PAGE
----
PSY1Brain and Behaviour Essay Writing
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Question Task Id: 0
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What is the evidence that faces are special?
To address this question, you will need to present evidence that faces are processed uniquely compared to other visual stimuli and discuss which brain regions are involved. This evidence might include:
- Neuropsychological studies (e.g., are there neurological syndromes that selectively disrupt a person's ability to recognize faces? Which brain regions are involved?)
- Behavioral studies (e.g., are there any behavioral paradigms that show faces are processed differently to other objects?)
- Neuroimaging studies (e.g., are there neuroimaging (i.e., functional magnetic resonance imaging, positron emission tomography etc.) results that show functional specificity for any brain areas when processing faces?
Given that humans are highly social creatures, it makes evolutionary sense that faces might be processed in a unique and preferential way. We are asking you to consider the scientific evidence and make an argument that faces are or are not a special class of visual stimulus.
Some tips for writing your essay
The introduction needs to set the context of the essay, explain why the topic is important, and state the thesis (contention) in one or two paragraphs.
- Provide a general orientation to the topic and its importance. Ask yourself, why might faces be considered a special type of stimulus? In what circumstances is being able to recognize faces efficiently important?
- Define key terms. Some terms can mean slightly different things depending on the context, so it will be important that you define what you mean here. The same can be said for other terms you will likely use. When you write essays, you want to ensure the reader can follow along with what you're saying and being clear with your definitions is an important part of that.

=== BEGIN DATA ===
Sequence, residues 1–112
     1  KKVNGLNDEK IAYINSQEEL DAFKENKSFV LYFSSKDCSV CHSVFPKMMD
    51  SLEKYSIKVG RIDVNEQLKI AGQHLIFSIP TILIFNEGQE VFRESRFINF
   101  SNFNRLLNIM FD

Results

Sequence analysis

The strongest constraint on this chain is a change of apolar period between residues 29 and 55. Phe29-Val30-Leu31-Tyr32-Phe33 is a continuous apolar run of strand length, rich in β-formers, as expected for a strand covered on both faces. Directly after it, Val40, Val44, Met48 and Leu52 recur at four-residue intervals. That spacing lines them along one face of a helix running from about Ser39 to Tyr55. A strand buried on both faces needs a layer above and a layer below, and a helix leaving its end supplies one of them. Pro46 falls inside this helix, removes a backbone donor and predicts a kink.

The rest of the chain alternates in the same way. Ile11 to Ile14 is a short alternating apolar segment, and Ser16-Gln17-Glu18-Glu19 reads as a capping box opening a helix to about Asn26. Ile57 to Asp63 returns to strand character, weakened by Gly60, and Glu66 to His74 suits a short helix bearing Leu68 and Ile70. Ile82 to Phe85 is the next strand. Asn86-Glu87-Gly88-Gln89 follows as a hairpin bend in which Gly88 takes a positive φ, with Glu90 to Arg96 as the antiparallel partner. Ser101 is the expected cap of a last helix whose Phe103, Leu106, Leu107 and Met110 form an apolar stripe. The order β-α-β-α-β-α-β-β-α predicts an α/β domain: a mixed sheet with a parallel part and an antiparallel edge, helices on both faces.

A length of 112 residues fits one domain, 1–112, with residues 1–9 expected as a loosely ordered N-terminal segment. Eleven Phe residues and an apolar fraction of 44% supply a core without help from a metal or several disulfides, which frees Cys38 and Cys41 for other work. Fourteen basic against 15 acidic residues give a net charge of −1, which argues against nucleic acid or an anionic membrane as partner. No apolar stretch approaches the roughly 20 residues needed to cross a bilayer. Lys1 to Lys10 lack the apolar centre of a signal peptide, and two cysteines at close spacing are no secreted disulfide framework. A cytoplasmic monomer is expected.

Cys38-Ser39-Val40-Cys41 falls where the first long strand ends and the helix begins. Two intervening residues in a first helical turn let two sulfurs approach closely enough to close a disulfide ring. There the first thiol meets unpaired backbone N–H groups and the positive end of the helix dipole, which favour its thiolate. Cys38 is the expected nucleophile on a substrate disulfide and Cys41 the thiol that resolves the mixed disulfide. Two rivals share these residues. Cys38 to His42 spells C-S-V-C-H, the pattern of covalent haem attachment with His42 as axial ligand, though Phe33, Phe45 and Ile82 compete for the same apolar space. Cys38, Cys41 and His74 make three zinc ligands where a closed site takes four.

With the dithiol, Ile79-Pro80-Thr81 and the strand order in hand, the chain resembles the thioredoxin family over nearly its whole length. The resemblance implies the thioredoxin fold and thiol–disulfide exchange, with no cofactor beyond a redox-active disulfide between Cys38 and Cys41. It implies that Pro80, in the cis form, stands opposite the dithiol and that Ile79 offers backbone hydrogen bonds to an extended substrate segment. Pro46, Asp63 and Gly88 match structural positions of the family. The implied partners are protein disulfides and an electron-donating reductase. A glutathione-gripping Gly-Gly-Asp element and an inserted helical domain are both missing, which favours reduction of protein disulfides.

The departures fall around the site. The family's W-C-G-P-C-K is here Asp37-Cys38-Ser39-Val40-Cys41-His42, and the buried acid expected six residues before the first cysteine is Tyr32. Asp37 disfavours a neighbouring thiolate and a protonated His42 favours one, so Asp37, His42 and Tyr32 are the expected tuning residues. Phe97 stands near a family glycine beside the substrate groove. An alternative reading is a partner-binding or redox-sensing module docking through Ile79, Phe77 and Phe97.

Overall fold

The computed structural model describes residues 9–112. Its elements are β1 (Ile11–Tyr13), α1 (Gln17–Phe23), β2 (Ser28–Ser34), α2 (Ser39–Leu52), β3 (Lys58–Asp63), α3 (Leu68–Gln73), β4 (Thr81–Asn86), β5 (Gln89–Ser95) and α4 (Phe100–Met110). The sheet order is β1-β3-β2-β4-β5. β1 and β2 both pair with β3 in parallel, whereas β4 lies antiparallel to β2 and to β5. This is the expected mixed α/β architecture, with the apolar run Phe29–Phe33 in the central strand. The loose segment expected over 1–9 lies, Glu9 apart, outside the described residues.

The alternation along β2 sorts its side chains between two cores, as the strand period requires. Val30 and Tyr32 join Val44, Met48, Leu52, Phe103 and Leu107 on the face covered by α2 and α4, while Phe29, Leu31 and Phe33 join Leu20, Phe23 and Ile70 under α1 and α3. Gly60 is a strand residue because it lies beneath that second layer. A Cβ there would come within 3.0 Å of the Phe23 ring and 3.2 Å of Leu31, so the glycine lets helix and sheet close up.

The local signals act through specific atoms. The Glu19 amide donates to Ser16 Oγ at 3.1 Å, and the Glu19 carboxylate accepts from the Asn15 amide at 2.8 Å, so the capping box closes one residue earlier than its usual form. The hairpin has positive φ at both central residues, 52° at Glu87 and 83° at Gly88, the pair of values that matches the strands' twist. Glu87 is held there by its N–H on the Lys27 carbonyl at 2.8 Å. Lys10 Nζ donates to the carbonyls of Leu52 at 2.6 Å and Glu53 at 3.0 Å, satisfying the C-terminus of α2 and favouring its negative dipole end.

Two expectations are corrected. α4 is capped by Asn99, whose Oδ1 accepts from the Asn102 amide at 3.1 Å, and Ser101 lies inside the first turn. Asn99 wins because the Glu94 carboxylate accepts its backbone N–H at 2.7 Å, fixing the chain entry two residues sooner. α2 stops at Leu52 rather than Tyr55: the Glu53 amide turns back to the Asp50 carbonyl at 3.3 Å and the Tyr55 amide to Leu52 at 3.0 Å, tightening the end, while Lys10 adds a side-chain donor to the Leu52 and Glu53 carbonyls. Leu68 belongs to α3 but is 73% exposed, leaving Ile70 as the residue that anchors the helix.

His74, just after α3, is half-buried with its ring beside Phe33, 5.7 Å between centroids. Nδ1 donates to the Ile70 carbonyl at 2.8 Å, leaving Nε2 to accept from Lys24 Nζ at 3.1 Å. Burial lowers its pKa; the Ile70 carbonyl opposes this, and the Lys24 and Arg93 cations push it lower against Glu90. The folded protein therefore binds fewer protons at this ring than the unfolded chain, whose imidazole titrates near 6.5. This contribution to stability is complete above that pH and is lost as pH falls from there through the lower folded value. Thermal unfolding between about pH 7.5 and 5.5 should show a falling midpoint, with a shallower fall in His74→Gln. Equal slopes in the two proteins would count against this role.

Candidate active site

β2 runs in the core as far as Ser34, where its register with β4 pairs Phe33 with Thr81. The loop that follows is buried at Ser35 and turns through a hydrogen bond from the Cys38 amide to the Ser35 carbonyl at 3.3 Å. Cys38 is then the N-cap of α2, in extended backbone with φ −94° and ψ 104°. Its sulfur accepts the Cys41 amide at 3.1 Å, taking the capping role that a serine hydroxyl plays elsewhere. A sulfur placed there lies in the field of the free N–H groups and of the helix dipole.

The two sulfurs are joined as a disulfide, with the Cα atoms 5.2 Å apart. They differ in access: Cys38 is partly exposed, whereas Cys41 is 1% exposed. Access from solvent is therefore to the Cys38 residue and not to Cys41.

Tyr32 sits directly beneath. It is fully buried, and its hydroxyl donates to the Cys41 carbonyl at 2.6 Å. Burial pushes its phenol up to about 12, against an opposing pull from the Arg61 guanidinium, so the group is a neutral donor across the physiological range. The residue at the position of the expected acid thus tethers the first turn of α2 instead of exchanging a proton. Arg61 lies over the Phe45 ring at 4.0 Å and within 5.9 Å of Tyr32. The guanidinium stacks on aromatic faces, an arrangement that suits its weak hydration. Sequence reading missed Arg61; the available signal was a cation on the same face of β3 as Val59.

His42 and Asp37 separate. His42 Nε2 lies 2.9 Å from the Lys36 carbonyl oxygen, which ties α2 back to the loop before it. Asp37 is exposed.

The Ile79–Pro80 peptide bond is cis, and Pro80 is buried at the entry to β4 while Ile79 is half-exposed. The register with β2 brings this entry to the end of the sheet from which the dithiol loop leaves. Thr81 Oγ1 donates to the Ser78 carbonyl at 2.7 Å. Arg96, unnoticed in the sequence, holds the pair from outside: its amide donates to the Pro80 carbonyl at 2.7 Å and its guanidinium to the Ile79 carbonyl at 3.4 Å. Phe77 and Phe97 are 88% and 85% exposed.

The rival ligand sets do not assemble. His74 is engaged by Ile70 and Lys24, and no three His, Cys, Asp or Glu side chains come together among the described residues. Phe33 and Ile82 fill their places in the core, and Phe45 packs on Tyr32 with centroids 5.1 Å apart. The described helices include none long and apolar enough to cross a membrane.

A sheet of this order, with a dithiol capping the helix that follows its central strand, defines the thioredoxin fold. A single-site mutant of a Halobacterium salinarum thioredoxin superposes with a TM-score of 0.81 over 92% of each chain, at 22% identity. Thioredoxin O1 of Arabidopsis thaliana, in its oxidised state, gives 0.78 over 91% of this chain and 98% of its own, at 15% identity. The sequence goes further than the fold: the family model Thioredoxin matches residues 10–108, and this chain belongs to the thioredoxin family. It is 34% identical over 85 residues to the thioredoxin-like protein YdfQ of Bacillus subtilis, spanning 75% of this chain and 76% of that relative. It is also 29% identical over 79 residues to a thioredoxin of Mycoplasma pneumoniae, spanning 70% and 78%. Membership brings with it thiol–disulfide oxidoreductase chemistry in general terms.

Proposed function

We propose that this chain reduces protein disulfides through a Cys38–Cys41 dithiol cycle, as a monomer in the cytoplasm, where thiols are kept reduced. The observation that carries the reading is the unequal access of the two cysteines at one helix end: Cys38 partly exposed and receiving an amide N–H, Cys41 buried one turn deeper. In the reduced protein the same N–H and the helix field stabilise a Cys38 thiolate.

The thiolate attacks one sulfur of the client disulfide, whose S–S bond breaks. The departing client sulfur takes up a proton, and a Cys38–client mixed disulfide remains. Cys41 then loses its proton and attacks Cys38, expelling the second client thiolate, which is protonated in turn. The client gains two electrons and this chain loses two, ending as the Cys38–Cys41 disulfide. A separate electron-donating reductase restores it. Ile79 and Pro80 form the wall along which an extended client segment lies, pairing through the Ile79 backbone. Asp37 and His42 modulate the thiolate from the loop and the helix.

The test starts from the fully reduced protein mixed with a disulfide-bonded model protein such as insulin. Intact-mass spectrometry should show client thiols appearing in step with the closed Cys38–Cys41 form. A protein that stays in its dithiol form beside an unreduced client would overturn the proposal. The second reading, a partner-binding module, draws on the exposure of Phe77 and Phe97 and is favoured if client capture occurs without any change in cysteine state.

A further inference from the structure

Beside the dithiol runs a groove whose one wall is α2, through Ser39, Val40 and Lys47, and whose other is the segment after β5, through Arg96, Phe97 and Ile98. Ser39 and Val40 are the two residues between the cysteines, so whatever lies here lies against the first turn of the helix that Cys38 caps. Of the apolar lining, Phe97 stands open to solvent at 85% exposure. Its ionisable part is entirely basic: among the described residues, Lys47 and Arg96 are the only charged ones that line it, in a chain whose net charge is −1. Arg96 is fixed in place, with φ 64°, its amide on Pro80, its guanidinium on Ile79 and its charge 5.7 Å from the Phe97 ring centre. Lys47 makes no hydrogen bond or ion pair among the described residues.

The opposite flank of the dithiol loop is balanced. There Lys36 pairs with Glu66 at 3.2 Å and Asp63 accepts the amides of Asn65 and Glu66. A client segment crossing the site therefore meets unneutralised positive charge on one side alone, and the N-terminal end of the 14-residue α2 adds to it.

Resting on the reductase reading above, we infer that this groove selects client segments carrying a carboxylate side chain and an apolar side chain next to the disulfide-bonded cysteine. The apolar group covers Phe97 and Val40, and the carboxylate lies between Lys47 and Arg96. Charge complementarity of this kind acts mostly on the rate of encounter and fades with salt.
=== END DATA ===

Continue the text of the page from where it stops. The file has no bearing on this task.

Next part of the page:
- State the aim of the essay
- Explain what information about the nature of face perception is gained by examining neuropsychological, behavioral, and neuroimaging studies.
- Describe what types of evidence you are going to present (I.e., a road map/signpost). Your Introduction should finish by telling the reader where the essay is going.
The middle section, made up of 3-4 paragraphs of about 150-250 words each, is where you provide the evidence for your argument. The purpose is to build points, develop ideas, and support the main contention. Each paragraph should treat one line of evidence (e.g., neuropsychological studies) and will need to include:
- • A topic sentence to succinctly orient the reader to what the paragraph will be about
- Description and evaluation of two or more experimental research studies
- In-text citations to acknowledge sources of evidence
- Finish with an explanation/linking sentence
Use the paragraph as a unit of composition, where the topic sentence defines the content and the evidence you describe builds the point you're making.
In a single paragraph, concisely summarize your own argument and present an overall conclusion that answers the essay question.
- Restate the aim of the essay and summarize the content briefly (what evidence did you present?)
- How strong is the evidence and what is your conclusion: are faces special?